School Sucks is what I hear teens say most often when describing school. The reason you feel that way is school does suck, and for a long time!
It’s okay to hate school—nothing is wrong with you!
3 Big Reasons School Sucks
1. You Don’t Have a Choice
Abuse in Texas Truancy Program
You are forced to go to school. Not just by your parents, but by the full authority of the government and the threat of police action. Can you think of any circumstance where something good is forced upon you by armed government officials? There are alternatives to school, but they require strong commitments from your parents. You don’t have a vote. The current schooling system is designed to educate you its way whether you like it or not (I’m guessing you don’t).
2. You have no autonomy
The force doesn’t end once you get to school. Since you have no choice in attending, schools have a monopoly over your time. Monopolies don’t normally respect their captive audiences. They typically do what’s best for them. That means a lot of “my way or the highway”. You might rather spend extra time understanding a new math concept? Too bad, the bell has rung—move on. You don’t agree with a sanitized version of US American History? Tough, it’s common core.
How do the following features contribute to a life-long thirst for knowledge: no-talking, no phones, no gum, no hats, no music, no boisterous behavior, no running, no control of your time, no collaborating… you get the idea.
3. School isn’t designed for you
You could probably live with the first two reasons if you thought you were achieving educational and personal goals leading to your brightest future. That’s almost certainly not the case. US public schooling is an import of the Prussian (pre-German) system Volksschule, designed to impose a strict ethos of duty, sobriety and discipline to prepare students for a life of military service and industrial work (you may thank Horace Mann). You are being processed through a system designed to mold you into compliant, punctual factory workers. Does that sound like the future you’re dreaming of?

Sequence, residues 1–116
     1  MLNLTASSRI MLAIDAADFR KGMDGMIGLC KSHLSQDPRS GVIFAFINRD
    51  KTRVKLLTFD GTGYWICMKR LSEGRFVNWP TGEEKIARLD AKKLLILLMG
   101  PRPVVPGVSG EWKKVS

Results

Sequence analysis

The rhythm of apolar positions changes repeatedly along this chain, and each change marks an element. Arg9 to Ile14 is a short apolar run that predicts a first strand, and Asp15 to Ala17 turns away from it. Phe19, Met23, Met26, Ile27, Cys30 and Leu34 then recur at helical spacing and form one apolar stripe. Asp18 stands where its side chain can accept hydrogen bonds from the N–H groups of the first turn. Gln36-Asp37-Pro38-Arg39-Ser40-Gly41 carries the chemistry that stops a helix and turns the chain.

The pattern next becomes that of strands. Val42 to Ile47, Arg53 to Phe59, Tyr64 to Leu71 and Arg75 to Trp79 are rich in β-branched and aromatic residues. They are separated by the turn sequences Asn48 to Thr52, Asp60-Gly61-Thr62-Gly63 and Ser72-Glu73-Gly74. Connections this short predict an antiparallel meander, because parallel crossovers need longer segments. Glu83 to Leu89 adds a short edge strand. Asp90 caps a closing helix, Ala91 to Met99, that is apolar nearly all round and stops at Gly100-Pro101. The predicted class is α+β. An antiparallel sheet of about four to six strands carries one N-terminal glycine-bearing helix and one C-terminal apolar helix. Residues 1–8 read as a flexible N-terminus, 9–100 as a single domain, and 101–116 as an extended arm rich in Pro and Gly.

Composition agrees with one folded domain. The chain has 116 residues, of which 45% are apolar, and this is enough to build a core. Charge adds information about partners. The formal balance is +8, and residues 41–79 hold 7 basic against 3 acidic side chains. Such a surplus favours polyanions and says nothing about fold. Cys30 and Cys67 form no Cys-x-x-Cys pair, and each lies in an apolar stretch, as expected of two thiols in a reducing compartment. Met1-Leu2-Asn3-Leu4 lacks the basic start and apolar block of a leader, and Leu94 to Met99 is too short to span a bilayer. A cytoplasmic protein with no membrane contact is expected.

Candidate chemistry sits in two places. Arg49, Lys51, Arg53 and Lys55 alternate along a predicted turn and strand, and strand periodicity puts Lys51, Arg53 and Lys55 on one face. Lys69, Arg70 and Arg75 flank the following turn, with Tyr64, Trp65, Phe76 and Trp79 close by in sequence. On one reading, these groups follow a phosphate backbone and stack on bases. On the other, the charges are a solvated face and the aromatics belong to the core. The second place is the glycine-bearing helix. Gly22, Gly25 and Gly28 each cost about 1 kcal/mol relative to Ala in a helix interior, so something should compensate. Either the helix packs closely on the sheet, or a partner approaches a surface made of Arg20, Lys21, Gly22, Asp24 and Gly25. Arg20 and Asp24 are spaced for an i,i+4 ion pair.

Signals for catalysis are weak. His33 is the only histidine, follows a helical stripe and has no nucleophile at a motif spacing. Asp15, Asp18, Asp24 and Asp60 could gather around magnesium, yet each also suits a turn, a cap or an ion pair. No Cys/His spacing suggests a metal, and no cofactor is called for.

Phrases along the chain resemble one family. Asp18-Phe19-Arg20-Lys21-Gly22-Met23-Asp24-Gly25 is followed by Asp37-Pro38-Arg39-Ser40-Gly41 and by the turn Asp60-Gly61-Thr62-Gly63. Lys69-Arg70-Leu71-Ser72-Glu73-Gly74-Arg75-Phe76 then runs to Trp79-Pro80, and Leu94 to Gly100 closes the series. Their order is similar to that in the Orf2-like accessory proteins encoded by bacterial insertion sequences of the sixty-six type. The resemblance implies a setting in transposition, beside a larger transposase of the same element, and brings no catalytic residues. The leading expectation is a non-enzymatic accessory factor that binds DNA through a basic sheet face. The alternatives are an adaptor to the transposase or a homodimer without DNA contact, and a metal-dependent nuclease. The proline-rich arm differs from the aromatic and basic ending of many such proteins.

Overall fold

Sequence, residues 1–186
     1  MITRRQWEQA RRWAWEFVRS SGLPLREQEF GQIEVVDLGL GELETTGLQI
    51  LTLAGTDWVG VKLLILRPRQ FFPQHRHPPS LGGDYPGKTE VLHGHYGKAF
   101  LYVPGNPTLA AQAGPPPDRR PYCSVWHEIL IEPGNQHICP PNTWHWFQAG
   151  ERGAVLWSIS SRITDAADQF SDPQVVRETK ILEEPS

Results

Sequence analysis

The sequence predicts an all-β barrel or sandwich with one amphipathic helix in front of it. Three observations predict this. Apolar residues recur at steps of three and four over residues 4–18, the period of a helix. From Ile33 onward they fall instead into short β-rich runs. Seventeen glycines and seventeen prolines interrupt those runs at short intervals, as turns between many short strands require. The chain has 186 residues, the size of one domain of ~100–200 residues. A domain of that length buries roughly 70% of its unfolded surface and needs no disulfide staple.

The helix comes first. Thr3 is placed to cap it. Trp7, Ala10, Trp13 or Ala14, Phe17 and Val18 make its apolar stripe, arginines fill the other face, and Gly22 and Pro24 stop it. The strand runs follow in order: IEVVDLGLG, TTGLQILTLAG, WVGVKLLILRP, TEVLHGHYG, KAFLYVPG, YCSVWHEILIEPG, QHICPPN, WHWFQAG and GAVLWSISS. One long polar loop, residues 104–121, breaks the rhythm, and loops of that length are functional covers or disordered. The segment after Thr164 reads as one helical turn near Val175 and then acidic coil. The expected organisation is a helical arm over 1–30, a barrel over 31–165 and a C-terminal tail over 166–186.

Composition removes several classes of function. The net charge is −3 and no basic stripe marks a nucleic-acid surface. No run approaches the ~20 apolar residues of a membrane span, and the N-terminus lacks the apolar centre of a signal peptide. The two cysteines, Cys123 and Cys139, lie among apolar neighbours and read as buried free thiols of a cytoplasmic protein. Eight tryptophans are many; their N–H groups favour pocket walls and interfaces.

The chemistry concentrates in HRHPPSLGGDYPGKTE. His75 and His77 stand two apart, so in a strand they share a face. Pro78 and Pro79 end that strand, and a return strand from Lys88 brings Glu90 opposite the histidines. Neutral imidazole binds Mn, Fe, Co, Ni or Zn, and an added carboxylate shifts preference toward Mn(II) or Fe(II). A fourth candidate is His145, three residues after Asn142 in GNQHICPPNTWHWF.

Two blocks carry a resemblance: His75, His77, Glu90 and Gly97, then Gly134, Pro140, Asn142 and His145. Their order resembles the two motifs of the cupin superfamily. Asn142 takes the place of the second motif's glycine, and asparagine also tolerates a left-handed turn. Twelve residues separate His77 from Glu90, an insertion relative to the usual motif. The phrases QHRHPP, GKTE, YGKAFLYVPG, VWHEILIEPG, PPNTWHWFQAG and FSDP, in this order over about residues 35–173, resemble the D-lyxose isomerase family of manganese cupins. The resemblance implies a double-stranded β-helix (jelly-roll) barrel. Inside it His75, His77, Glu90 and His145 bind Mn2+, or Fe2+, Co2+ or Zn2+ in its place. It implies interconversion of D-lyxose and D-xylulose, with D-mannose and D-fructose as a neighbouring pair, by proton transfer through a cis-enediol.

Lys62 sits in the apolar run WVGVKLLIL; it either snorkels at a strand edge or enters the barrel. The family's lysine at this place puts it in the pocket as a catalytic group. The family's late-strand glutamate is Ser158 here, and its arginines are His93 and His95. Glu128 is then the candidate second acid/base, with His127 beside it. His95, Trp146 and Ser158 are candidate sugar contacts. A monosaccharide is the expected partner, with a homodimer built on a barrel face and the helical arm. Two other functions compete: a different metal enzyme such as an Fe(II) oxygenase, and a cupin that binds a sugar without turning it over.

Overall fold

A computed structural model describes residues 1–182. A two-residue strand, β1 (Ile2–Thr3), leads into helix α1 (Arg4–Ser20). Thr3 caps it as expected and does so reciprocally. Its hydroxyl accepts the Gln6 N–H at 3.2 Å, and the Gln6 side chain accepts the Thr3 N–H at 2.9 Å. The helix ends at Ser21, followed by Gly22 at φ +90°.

You may wonder why you hate school so much, but don’t know exactly why. Or, you may think the authoritarian, high-discipline, get-focussed environment is the best thing to prepare you for the future. You just have to learn to deal with it, right? But the truth is your brain isn’t yet fully developed—especially the prefrontal cortex that your teachers are teaching to. All. Day. Long.
What’s up with my brain?
1. It’s taking risks which adults say the benefits aren’t worth.
Teen brains are much more prone to focus on the possible positive outcomes than the possible consequences1. This is especially true when trying to impress friends or future romantic interests. The statistical evaluation doesn’t come up. This isn’t actually a defect, it’s an evolutionary feature which helps teens strike out on their own, impress future mates, and confidently become who they imagine. Parents should appreciate this feature that helps teens eventually create a life of their own.
2. It’s Doing stupid things that may wind up on your permanent record.
Your prefrontal cortex is the agent responsible for regulating decision making and impulse control. If you want a good example of how this works (or doesn’t), watch a drunk adult who has put their prefrontal cortex to sleep with alcohol. They say stupid things, do stupid things, and sometimes end up with permanent (police) records. Their judgment is impaired. Just like every teenager’s judgment is impaired.